"Then it talks about, 'It's a game of color, and I think this as I sip a cold Killian's Red, watching my team whitewash their rivals. Killian's Red, ask for it by color.'

"But the image is of a guy who's the second African-American to play for the Brooklyn Dodgers."

More importantly, the image is of a guy who had dedicated almost three decades to helping those struggling with alcohol abuse. So, what's Don Newcombe to do?

"He's obviously frustrated, and it's America, so the best outlet for frustration is a lawsuit," Fields says.

"I don't think it was about money for Newcombe at all. I think this was about protecting his image. Coors Brewing Company owned that particular beer, and so he files a lawsuit in the federal district courts, and he charges Coors with a violation of his right of publicity.

"The right of publicity is a relatively recent legal right. You know, if you go back to the 1920s, when you first see signs of athletes being serious celebrities — Babe Ruth for example — anybody who wanted to use his name or image could do so. Because he was a celebrity, it was assumed he didn't have control. You could use anybody's picture on any advertising, and that person really couldn't do anything about it."

OK, but that was almost 100 years ago. This ad appeared in 1994. Surely athletes had the right to control their images by then?

"I think, for Newcombe, this was about proving that he was who he was. This is a man who saw himself as beating alcohol and alcoholism. And by proving that Coors hadn't duped him or conned him or paid him, his reputation and his dignity remained intact."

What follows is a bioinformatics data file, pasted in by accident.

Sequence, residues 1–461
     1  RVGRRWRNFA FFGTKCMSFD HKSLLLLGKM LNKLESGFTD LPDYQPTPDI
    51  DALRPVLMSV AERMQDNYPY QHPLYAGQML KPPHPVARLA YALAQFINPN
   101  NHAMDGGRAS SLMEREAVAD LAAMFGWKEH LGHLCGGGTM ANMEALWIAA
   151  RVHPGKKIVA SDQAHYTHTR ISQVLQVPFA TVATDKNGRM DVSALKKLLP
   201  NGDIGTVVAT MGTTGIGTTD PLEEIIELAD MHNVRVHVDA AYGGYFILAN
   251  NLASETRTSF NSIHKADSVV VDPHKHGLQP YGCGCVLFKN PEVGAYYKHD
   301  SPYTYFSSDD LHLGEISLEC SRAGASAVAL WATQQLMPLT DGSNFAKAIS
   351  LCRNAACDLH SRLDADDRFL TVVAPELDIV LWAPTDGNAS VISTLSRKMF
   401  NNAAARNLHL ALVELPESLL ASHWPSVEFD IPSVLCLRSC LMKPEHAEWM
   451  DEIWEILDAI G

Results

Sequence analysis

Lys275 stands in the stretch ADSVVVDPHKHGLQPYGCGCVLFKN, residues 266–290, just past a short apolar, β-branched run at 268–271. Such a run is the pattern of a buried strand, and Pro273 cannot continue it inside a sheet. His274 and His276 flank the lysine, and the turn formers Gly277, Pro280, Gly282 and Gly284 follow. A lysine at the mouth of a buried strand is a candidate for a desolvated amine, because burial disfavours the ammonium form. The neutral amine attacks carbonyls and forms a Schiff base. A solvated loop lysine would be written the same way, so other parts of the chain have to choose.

Sarah Fields

"At the trial court level, he loses," Fields says. "So Newcombe appeals to the 9th Circuit of the United States Court of Appeals. And he argues that the Ninth Circuit should follow the lead of a judge who had dissented in a case called O'Brien v. Pabst Sales from 1938. And that was actually a really similar case. Davey O'Brien had been this famous quarterback for Texas Christian University, and Pabst Brewery used his image on a calendar. A dissenting judge in that case in 1938 had said, 'You know, I think that celebrities particularly have the right to control their image so that they can profit off that.'"

But that wasn't the only precedent Newcombe could count on.

"Another case that had come in this chain of command was Kimbrough v. Coca-Cola," Fields says. "John Kimbrough had been a running back for Texas A&M and he had been told that he was going to be in the Texas Sports Hall of Fame. And they did a portrait of him, and so his daughter was appalled when she saw that same portrait in a Coca-Cola ad at football game.